Here’s why Sidecar wasn’t named in the DAs’ ridesharing lawsuit

If you missed the news, the Los Angeles and San Francisco District Attorneys’ Offices are jointly suing Uber for misleading the public about its background checks, among other reasons. San Francisco DA George Gascón explained that they settled with Lyft for $500,000.

But missing from all the hubbub was one prominent name: Sidecar. The DAs didn’t mention the third company in the ridesharing trifecta, which left people wondering why. When the DAs threatened legal action back in September, Sidecar was one of the companies they named.

It turns out Sidecar wasn’t overlooked. The DAs didn’t name it because they’re still in legal negotiations. A Sidecar spokesperson told me, “We applaud the prosecutors for deciding to let the CPUC define regulations for this innovative new category of Shared Rides and we will continue to operate Sidecar Shared Rides in California. However, we disagree with The San Francisco and Los Angeles County District Attorneys’ Office on other issues and will continue to work with them until there is a resolution.”

In other words, Uber wouldn’t comply with the DAs’ requirements, Lyft agreed to, and Sidecar is still haggling. Gascón told Reuters Sidecar could still be sued if it doesn’t reach a peaceful settlement.

Los Angeles and San Francisco sue Uber, settle with Lyft

Uber’s week from hell continued Tuesday, as the offices of the Los Angeles and San Francisco district attorneys filed lawsuits suing the company for unlawful business practices. The entities settled with Lyft for similar grievances.

There’s no news on where Sidecar stands with the DA offices, despite the fact that Sidecar was also threatened with legal action from the city governments back in September.

The DAs news release, as tweeted by New York Times’ Mike Isaac, says that the two offices are filing a civil consumer protection action lawsuit against Uber “for making false or misleading statements to consumers and for engaging in a variety of business practices which violate California law.” The DAs want multiple product and marketing changes from Uber related to how it describes its background checks, charges consumers, and tracks mileage, according to the filing, which was obtained by Re/Code.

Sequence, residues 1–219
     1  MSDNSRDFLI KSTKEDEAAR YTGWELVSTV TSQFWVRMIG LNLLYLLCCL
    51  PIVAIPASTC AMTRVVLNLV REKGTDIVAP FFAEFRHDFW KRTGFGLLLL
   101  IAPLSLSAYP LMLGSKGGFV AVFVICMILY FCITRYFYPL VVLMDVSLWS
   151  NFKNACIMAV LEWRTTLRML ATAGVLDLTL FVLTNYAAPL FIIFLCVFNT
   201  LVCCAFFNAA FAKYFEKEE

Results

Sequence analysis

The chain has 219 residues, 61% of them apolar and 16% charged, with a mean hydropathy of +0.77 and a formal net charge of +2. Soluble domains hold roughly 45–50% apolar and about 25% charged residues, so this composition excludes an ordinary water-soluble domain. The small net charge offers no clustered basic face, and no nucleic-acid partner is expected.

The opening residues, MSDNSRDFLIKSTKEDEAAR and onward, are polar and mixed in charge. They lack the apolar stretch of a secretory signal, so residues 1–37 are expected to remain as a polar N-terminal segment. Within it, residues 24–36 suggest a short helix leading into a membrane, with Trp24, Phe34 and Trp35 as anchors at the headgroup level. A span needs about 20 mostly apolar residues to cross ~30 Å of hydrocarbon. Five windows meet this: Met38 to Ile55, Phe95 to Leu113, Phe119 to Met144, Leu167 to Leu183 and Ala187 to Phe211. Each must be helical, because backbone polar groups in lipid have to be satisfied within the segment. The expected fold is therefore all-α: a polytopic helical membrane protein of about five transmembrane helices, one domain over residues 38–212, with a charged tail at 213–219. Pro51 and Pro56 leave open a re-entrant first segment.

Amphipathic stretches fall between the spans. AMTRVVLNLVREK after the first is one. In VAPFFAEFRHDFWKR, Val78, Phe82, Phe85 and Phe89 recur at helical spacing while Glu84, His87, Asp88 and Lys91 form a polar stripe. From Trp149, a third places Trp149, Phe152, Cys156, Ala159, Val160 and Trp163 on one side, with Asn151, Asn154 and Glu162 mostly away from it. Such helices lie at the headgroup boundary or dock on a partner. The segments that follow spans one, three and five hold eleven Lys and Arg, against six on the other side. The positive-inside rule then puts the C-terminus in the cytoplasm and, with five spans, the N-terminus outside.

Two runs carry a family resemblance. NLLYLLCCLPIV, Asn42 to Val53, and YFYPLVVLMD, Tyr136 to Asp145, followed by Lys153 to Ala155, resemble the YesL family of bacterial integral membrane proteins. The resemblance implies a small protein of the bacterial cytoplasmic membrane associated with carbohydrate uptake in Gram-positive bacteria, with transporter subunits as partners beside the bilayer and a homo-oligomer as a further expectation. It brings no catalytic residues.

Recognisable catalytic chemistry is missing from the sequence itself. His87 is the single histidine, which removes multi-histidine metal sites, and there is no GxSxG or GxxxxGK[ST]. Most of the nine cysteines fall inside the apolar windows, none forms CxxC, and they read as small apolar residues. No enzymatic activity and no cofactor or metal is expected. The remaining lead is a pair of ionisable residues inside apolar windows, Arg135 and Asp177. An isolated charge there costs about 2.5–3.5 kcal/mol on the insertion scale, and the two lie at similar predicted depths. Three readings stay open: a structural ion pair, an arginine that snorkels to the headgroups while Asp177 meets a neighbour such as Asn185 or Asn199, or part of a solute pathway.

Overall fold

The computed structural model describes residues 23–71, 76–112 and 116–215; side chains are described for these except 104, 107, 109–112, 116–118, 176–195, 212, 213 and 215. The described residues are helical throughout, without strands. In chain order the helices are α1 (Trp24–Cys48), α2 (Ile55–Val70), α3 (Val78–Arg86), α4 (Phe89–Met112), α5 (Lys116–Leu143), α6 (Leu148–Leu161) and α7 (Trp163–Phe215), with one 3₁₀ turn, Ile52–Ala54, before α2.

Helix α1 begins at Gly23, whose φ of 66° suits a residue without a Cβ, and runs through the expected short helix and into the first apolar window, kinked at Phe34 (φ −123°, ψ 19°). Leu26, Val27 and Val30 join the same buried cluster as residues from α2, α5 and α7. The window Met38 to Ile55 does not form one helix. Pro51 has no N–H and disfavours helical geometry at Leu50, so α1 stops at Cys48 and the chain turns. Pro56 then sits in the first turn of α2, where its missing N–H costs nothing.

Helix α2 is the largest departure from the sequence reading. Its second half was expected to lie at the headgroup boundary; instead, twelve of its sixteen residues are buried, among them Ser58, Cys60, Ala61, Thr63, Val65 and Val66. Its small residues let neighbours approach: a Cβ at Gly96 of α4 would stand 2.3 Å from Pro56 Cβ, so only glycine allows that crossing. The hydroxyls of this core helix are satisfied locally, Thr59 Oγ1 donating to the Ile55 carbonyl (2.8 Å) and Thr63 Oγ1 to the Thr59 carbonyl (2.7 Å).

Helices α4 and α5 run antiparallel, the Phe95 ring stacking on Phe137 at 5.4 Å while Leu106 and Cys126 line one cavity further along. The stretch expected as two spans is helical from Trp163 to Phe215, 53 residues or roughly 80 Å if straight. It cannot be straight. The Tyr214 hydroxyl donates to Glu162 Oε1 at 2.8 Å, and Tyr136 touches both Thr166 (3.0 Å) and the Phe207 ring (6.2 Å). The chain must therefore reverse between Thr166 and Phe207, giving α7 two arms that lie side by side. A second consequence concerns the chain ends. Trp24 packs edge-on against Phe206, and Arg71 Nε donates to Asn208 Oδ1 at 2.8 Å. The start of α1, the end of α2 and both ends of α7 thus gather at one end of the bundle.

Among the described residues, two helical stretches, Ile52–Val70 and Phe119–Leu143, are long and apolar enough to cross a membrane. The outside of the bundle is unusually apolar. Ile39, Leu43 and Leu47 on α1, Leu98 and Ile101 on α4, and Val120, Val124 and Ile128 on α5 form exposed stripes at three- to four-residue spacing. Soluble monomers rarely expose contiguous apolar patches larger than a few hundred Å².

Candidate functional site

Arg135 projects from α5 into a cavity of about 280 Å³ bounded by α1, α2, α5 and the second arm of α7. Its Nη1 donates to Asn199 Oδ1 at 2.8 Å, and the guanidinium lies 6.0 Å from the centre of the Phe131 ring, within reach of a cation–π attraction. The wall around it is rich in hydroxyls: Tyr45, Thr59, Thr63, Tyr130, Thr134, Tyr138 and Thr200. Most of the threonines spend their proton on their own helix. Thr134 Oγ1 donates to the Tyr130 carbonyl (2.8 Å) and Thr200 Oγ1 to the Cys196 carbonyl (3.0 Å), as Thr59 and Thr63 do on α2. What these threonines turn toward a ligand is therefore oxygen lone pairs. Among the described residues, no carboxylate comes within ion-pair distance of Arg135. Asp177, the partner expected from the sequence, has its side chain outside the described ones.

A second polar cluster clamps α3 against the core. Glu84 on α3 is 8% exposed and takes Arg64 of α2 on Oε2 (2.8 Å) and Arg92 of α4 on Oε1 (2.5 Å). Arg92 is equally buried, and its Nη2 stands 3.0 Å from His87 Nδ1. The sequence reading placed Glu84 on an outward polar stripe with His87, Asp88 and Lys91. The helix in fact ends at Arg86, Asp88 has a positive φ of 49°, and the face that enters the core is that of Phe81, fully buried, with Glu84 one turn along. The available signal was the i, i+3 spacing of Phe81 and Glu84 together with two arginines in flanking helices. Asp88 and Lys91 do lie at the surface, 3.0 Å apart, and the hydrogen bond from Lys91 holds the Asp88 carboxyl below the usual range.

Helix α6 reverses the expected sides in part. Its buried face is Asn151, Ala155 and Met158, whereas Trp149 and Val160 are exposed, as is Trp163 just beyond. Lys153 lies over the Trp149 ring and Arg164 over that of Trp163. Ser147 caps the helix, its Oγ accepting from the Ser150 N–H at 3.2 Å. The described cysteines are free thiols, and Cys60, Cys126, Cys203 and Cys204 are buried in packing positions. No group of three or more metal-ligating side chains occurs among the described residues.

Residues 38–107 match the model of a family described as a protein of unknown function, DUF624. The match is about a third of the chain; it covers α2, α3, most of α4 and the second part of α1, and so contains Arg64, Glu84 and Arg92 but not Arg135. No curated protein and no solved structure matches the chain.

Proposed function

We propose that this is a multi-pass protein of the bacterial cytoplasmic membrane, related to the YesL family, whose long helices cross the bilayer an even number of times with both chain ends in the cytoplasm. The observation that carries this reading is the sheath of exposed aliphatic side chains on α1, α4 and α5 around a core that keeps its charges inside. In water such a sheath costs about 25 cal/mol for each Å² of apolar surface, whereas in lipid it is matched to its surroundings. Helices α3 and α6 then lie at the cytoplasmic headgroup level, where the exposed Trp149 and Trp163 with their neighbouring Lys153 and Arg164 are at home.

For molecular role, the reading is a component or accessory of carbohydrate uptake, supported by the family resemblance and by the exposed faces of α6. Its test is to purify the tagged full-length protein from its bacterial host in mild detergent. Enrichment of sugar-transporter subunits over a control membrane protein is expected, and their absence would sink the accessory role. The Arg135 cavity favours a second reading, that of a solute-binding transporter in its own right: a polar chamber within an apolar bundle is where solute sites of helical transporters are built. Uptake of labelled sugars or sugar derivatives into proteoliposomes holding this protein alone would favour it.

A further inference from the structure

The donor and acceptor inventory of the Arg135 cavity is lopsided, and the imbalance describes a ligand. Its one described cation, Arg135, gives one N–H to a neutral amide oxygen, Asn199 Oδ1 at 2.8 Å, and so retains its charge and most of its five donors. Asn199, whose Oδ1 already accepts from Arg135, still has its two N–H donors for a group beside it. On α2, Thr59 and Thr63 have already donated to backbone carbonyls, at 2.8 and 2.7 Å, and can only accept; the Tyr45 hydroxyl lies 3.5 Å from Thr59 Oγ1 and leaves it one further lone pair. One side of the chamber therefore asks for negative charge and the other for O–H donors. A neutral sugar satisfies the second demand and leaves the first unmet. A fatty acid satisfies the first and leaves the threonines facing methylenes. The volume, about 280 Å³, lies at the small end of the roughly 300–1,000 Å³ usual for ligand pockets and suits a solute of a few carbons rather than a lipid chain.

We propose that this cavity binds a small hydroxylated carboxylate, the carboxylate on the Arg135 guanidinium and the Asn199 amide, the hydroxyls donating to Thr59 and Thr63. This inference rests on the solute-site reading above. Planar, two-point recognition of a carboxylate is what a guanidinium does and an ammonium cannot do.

Here are the DAs’ major grievances:

  1. Uber misleads customers about its safety procedures, especially in regards to background checks and the “Safe Rides” fee it charges consumers.
  2. Uber hasn’t submitted its mileage tracking technology for review, so the government can ensure it’s not ripping off passengers.
  3. Uber drops off and picks up passengers at the airport without airport approval. Further more, the fee it charges consumers to do so is “misleading.”

The DAs reportedly want Uber to pay restitution to customers for its $1 “Safe Rides” fee, which covers the cost of Uber’s background checks. Since Uber’s background checks aren’t as rigorous as the ones taxis are required to do, the city governments believe the Safe Rides charge misleads customers.

The DAs also want the ridesharing companies to submit their mileage to state government to ensure accurate tracking.

Lyft was amenable to the DAs’ requests, which is why it settled for $500,000, according to Forbes reporter Ellen Huet. In a statement, Lyft spokeswoman Erin Simpson said, “After months of productive conversations, Lyft has entered into an agreement with District Attorneys of San Francisco and Los Angeles that demonstrates our shared commitment to consumers and innovation.”

Uber, it appears, was not. When reached for comment, Uber spokeswoman Eva Behrand said:

Californians and California lawmakers all agree–Uber is an integral, safe, and established part of the transportation ecosystem in the Golden State. Uber has met with the District Attorneys to address their concerns regarding airport operations, the uberPOOL product, background checks, and operation of the app. We will continue to engage in discussions with the District Attorneys.

The SF and LA DA offices have been considering such action for months now after raising concerns about ridesharing companies’ background check practices. The two institutions threatened Uber, Lyft, and Sidecar in September with legal action if they didn’t change the way they described their background checks to the public. Since transportation networking companies aren’t held to the same rigorous background check standards as cab companies in California, they miss some drivers’ criminal records.

This post was updated several times Tuesday afternoon as more information became available.

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